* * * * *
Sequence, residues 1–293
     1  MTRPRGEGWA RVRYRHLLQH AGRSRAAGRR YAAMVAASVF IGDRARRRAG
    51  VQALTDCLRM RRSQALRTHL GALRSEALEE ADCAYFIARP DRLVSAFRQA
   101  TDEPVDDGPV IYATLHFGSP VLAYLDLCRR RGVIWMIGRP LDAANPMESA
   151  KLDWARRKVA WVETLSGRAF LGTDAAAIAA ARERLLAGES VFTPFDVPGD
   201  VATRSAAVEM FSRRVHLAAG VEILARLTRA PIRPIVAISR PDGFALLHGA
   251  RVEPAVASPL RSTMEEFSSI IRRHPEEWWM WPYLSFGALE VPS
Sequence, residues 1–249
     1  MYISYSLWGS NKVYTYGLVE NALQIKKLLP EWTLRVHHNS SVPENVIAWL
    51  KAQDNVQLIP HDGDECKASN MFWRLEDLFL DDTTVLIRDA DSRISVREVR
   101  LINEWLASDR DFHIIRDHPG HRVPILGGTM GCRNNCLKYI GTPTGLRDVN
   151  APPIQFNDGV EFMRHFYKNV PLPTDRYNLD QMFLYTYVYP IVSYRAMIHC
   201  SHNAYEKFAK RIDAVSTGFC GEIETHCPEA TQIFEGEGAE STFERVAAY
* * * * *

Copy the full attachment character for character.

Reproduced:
Sequence, residues 1–293
     1  MTRPRGEGWA RVRYRHLLQH AGRSRAAGRR YAAMVAASVF IGDRARRRAG
    51  VQALTDCLRM RRSQALRTHL GALRSEALEE ADCAYFIARP DRLVSAFRQA
   101  TDEPVDDGPV IYATLHFGSP VLAYLDLCRR RGVIWMIGRP LDAANPMESA
   151  KLDWARRKVA WVETLSGRAF LGTDAAAIAA ARERLLAGES VFTPFDVPGD
   201  VATRSAAVEM FSRRVHLAAG VEILARLTRA PIRPIVAISR PDGFALLHGA
   251  RVEPAVASPL RSTMEEFSSI IRRHPEEWWM WPYLSFGALE VPS
Sequence, residues 1–249
     1  MYISYSLWGS NKVYTYGLVE NALQIKKLLP EWTLRVHHNS SVPENVIAWL
    51  KAQDNVQLIP HDGDECKASN MFWRLEDLFL DDTTVLIRDA DSRISVREVR
   101  LINEWLASDR DFHIIRDHPG HRVPILGGTM GCRNNCLKYI GTPTGLRDVN
   151  APPIQFNDGV EFMRHFYKNV PLPTDRYNLD QMFLYTYVYP IVSYRAMIHC
   201  SHNAYEKFAK RIDAVSTGFC GEIETHCPEA TQIFEGEGAE STFERVAAY